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Crime

Laurel man sentenced to 17 years for mailing drugs from California to Maryland

A federal judge sentenced a Laurel man to 17 years in prison Thursday after finding he distributed large amounts of cocaine, fentanyl and marijuana through the U.S. Postal Service, mailing the drugs from post offices in California to multiple locations in Maryland.

U.S. District Judge Stephanie Gallagher found that Michael Fisher, 47, was involved in what federal prosecutors described as a large-scale drug trafficking organization in 2019 and 2020, possessing or distributing approximately 120 kilograms of cocaine, 6.5 kilograms of fentanyl and 50 kilograms of marijuana. The finding at sentencing settled a dispute between lawyers over how much of the drugs were attributable to Fisher.

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In August 2020, Fisher was arrested in Nevada after federal and state investigators surveilled him and Dwight Antonio Pitts, 47, of Hanover, listening to the two discuss drug transactions over the phone via a wiretap. Investigators later found that the men dropped off packages of drugs at post offices in California, bound for multiple locations in Maryland, according to a news release from the U.S. Attorney’s Office.

Officers searched one Las Vegas residence and six Maryland locations they said were associated with Pitts and Fisher in August 2020, finding nine firearms at locations associated with Fisher and six firearms at locations associated with Pitts. Investigators seized 25 kilograms of cocaine, 6.5 kilograms of fentanyl and about 50 kilograms of marijuana, along with $1.5 million in cash.

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Federal prosecutors said in a sentencing memorandum that Immigration and Customs Enforcement confirmed Fisher’s name is actually Mark Wilson. However, prosecutors continued to refer to him as Michael Fisher.

“He was born in Jamaica and was previously deported from the United States in 2003,” prosecutors said. “The defendant’s use of a false name is troubling, especially given the number of fake identification documents that were recovered from the defendant and his residence.”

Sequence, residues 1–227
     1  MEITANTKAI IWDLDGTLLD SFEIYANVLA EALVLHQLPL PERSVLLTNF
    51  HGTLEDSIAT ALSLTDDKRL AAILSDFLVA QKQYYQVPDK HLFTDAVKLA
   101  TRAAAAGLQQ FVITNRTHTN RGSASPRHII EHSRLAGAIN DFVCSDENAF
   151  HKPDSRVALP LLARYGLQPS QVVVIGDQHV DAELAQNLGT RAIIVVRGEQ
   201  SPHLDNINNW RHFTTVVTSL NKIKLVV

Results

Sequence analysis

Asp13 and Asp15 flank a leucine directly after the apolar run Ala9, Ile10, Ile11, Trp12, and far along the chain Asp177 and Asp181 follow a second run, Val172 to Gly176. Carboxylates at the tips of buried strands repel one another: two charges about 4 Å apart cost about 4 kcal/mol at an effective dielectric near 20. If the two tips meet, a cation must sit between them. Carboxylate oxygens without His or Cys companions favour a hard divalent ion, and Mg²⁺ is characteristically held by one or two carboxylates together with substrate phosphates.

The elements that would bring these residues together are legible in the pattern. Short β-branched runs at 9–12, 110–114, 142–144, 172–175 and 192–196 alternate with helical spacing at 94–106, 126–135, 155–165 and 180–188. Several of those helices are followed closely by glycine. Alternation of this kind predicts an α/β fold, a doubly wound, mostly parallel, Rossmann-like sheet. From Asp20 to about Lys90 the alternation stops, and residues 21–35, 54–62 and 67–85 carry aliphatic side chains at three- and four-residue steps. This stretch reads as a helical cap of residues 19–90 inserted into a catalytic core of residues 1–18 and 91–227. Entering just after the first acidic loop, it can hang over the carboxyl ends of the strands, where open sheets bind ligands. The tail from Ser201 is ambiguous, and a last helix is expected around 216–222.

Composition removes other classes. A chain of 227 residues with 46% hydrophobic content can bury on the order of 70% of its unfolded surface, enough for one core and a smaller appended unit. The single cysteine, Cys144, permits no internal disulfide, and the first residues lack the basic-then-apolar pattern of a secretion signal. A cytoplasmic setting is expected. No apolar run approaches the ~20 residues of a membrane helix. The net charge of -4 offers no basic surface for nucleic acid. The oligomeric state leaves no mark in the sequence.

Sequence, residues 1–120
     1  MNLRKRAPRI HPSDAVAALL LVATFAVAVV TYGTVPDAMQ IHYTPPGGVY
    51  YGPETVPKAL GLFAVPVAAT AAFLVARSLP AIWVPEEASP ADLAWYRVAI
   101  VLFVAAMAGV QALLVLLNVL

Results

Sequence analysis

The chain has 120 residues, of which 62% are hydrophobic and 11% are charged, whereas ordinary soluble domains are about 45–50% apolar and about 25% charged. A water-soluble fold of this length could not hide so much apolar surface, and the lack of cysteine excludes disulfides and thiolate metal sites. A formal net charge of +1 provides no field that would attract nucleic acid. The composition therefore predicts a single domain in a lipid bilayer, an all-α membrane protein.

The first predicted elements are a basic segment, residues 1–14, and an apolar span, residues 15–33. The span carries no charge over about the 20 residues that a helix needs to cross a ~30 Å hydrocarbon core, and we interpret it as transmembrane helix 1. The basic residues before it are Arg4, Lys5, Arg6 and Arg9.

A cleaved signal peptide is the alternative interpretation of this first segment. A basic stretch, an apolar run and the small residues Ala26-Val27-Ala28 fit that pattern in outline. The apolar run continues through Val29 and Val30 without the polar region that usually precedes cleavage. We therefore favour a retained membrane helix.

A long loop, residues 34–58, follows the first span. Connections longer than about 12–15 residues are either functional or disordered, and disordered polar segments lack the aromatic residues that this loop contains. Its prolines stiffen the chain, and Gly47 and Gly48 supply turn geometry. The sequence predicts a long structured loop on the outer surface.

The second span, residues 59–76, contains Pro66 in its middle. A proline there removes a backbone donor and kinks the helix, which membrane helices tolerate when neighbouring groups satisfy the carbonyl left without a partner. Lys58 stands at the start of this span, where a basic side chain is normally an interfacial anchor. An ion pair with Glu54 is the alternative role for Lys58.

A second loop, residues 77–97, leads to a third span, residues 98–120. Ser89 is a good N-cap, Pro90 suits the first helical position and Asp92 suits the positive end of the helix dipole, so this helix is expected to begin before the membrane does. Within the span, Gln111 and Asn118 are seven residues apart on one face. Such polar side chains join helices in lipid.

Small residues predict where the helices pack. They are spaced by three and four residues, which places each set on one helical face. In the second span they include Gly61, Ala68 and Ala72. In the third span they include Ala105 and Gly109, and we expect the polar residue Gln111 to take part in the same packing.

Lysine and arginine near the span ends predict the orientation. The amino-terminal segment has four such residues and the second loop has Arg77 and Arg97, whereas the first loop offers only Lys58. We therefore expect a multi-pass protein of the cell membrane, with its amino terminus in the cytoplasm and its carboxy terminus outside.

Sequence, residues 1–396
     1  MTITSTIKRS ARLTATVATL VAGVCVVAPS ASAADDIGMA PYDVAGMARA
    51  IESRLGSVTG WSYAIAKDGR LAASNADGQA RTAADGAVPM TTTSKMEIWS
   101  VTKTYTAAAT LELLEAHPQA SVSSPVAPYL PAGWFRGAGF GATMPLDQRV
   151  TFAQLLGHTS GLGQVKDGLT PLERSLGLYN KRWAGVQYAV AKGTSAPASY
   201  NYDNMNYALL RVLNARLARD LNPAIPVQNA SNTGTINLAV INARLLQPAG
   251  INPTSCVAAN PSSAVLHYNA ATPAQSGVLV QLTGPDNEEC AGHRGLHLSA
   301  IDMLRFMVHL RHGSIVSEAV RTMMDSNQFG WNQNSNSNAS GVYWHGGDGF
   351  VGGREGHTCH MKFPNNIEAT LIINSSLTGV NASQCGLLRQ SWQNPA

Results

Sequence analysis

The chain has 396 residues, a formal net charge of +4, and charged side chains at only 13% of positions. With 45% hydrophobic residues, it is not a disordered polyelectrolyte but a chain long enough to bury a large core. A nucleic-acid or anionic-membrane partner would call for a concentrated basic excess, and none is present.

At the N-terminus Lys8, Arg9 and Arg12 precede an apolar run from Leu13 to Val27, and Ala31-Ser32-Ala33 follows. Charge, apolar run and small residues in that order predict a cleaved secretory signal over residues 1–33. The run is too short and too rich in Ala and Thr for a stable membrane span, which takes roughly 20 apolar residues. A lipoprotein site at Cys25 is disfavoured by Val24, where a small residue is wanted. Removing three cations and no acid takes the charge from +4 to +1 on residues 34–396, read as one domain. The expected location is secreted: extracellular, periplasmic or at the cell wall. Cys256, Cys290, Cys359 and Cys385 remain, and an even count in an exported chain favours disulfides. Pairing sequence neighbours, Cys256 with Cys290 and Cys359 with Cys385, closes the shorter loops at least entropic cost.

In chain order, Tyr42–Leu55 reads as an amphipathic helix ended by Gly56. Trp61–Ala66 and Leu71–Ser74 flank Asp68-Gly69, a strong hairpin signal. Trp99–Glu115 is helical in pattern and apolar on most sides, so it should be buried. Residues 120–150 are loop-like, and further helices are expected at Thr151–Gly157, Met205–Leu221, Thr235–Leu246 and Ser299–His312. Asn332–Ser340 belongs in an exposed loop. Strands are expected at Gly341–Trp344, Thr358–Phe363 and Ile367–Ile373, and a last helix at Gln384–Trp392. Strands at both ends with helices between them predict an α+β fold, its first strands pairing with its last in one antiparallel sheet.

Fisher pleaded guilty to drug distribution and possession charges last year, but later attempted to withdraw his plea, stating his attorney only provided him with a 30-page summary of thousands of pages of discovery material. Gallagher ruled against that request. Pitts pleaded guilty to drug charges and was sentenced to 15 years of incarceration in March.

Defense attorney Richard Bardos, who represented Fisher, submitted several letters from Fisher’s acquaintances describing him as a hardworking family man, willing to lend a helping hand at any time.

“I honestly don’t think I would have gotten in or through school without him,” wrote Sean Beswick, who said he has known Fisher for more than 30 years. He noted he had been incarcerated himself. “It was Michael encouraging me to do was right [sic] leave my past mistakes behind me and go back to school get a job to make myself a productive person in society.”

Bardos also asked the judge for leniency, writing in a sentencing memorandum that Fisher’s incarceration at the Chesapeake Detention Facility in Baltimore over the past two years has been “far more punishing and severe than if he had spent the equivalent time” at a federal prison. He noted that Fisher has contacted COVID-19 three times at the facility due to what he claimed were “unsanitary conditions.”

Federal prosecutors noted in a sentencing memorandum that Fisher had been convicted of a marijuana possession with intent to distribute charge in Anne Arundel County in 2016, saying the conduct “gave rise” to his conviction in the most recent case.

“This time, the defendant ramped up his illegal activity significantly and distributed substantially more narcotics and possessed many more firearms than he had in the past,” Assistant U.S. Attorney Anatoly Smolkin wrote.

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Gallagher sentenced Fisher to 17 years and ordered him to forfeit over $61,000 seized from a Laurel residence associated with him, as well as eight firearms.


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